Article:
One in three patients who dies in a hospital has sepsis, a severe inflammatory response to an infection, marked by organ dysfunction, according to the Centers for Disease Control and Prevention. This heavy toll makes predicting which patients are at risk for developing the devastating condition a top priority for clinicians.
Additional motivation to identify and treat sepsis cases lies in the fact that sepsis serves as a system-level quality measure, with hospitals judged by both the by the federal Department of Health and Human Services and the CDC on their sepsis rates. Complicating efforts to reduce sepsis is how difficult it can be to diagnose—both accurately and quickly.
“Sepsis is something we can know occurs with certainty after the fact, but when it’s unfolding, it’s often unclear whether a patient has sepsis or not,” said Karandeep Singh, MD, MMSc, assistant professor of Learning Health Sciences and Internal Medicine at Michigan Medicine. “But the cornerstone of sepsis treatment is timely recognition and timely therapy.”
Singh and his colleagues recently evaluated a sepsis prediction model developed by Epic Systems, a healthcare software vendor used by 56 percent of hospitals and health systems in the U.S. In a new paper published in JAMA Internal Medicine, they reveal that the prediction tool performs much worse than indicated by the model’s information sheet, correctly sorting patients on their risk of sepsis just 63 percent of the time.
The discrepancy lies in how the model was developed, explained Singh. The first problem, he says, is that the model incorporates data from all cases billed as sepsis, which is problematic because “people bill differently across services and hospitals and it’s been well recognized that trying to figure out who has sepsis based on billing codes alone is probably not accurate.” Second, in the model’s development, the onset of sepsis was defined as the time the clinician intervened—for example, ordering antibiotics or lab work.
“In essence, they developed the model to predict sepsis that was recognized by clinicians at the time it was recognized by clinicians. However, we know that clinicians miss sepsis.”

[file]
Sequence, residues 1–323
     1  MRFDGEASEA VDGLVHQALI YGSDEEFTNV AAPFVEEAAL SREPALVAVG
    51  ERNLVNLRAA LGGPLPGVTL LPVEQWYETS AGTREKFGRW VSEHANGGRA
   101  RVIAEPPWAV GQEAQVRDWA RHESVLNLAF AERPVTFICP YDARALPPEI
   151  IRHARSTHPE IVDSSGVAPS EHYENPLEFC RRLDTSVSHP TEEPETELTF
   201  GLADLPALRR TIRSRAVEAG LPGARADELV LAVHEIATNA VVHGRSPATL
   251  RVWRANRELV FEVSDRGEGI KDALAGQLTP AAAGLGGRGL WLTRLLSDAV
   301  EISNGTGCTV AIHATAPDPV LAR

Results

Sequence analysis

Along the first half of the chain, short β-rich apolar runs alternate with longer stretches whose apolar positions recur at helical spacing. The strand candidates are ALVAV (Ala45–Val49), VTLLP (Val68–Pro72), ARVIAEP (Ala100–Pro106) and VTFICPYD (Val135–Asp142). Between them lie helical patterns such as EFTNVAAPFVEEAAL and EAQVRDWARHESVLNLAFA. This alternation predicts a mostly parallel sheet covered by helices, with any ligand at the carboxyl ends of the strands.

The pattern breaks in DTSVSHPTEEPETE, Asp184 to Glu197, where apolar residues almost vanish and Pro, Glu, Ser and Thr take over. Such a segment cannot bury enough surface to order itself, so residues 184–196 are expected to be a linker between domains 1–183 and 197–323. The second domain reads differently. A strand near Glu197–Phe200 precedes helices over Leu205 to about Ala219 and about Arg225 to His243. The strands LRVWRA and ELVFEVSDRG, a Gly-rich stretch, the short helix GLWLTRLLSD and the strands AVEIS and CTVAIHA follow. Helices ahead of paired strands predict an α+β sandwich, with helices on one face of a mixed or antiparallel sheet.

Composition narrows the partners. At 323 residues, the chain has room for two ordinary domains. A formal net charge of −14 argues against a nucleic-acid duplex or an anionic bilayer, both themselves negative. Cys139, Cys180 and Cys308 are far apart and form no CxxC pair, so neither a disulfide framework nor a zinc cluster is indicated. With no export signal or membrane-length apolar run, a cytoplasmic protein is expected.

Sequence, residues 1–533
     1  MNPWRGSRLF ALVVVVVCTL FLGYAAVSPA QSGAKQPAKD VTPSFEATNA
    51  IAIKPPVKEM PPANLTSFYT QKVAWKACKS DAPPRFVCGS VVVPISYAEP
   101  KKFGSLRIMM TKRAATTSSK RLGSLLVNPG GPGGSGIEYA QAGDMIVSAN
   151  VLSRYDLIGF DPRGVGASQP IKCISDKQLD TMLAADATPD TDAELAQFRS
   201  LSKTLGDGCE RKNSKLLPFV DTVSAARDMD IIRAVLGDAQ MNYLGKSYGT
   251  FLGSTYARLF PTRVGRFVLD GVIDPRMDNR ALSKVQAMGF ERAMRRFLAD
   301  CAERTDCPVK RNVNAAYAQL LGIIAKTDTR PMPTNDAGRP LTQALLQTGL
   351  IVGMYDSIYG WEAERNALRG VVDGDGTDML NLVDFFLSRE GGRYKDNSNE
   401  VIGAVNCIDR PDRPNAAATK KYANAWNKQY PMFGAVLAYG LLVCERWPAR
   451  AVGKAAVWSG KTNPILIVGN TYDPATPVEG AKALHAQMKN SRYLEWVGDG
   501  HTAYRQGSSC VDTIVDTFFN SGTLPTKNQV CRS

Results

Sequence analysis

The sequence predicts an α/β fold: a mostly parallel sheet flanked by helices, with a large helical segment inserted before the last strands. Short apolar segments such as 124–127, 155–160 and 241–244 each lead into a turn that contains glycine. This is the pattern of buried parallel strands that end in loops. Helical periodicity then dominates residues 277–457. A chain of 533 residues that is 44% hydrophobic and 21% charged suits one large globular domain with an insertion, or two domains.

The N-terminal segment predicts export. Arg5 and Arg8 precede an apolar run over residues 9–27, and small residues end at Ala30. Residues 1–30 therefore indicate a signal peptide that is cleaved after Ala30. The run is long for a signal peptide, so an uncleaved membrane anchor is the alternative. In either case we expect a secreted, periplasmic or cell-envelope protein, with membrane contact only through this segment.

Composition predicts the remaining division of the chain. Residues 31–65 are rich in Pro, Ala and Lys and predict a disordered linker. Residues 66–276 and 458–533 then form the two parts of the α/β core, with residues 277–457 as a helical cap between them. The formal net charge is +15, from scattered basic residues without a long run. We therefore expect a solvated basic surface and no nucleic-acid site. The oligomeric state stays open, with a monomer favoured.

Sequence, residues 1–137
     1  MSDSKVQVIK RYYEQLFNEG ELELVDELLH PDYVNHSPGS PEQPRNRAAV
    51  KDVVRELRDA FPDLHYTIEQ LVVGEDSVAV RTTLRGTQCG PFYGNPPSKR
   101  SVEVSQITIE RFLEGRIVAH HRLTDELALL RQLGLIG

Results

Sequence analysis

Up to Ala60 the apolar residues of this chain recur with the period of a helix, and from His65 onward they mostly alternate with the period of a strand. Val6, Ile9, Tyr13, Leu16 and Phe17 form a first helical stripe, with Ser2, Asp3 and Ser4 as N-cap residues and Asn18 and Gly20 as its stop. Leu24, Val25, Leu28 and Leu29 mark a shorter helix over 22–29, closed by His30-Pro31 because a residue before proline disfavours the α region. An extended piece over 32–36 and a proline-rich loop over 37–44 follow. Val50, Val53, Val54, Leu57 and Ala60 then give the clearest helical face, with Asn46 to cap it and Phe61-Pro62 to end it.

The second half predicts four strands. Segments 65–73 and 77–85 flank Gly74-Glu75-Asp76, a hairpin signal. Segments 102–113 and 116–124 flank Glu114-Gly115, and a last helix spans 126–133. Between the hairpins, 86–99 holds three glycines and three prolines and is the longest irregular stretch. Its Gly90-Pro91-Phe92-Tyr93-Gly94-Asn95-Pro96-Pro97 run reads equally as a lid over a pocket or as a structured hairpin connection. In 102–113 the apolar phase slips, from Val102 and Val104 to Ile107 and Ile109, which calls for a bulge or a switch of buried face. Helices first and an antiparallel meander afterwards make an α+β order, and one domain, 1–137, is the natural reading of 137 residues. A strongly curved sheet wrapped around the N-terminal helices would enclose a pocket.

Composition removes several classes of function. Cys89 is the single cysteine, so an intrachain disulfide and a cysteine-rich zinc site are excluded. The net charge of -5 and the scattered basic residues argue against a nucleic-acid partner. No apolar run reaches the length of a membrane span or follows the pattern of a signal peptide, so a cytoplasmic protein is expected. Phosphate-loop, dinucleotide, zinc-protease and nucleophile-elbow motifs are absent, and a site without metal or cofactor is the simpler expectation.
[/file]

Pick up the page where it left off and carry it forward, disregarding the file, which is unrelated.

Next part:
To evaluate the model using a definition of sepsis more closely aligned to that used by Medicare and CDC, the research team looked at close to 40,000 hospitalizations at Michigan Medicine from 2018-2019, removing scores from patients who were alerted by the model to have sepsis after a clinician had already intervened. Doing so brought the tool’s area under the curve from 76-83 percent as reported by Epic Systems to 63 percent determined by the validation study.
What’s more, the model sent out an alert on nearly 1 in 5 of all patients, with most of those patients not actually having sepsis. “When it alerts, the chance of a patient actually has sepsis during the remainder of their hospital stay is 12 percent. What that essentially means is that even if you only evaluated people the first time the system alerted, you’d still need to evaluate 8 people to find one case of sepsis,” said Singh.
Prediction tools come with a trade-off, noted Singh. “The tradeoff is basically between generating alerts on a patient who turned out not to have the predicted condition or not generating alerts on patients who do.” But in this instance, if a health system is using the Epic sepsis model to improve its quality measures, “it’s not really going to be able to do that.”
The results of the study point to a need for more regulatory oversight and governance of clinical software tools, said Singh, as well as a need for more open-source models that can be easily externally validated and turned off if it turns out they aren’t useful.
He added that Epic isn’t wrong in their analysis. “We differ in our definition of the onset and timing of sepsis. In our view, their definition of sepsis based on billing codes alone is imprecise and not the one that is clinically meaningful to a health system or to patients.”